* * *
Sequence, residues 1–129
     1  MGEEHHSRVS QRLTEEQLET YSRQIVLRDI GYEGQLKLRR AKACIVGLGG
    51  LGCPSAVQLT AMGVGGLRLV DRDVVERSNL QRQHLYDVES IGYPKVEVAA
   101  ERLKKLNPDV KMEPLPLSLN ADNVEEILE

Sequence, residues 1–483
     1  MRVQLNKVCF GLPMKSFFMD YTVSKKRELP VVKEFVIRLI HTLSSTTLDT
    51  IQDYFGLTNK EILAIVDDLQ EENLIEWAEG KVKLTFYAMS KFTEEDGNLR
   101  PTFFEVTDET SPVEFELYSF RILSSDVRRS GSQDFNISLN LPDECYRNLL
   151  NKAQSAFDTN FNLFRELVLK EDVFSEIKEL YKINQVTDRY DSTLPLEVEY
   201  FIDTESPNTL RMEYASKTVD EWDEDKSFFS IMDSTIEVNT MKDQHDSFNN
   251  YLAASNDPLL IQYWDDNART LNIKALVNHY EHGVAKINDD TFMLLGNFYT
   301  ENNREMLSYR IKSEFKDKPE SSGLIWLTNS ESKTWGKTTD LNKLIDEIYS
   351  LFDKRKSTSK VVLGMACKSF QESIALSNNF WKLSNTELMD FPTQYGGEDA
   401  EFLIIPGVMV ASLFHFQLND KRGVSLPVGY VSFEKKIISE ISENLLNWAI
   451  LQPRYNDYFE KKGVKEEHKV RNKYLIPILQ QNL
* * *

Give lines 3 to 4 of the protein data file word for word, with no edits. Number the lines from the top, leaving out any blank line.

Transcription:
    51  LGCPSAVQLT AMGVGGLRLV DRDVVERSNL QRQHLYDVES IGYPKVEVAA
   101  ERLKKLNPDV KMEPLPLSLN ADNVEEILE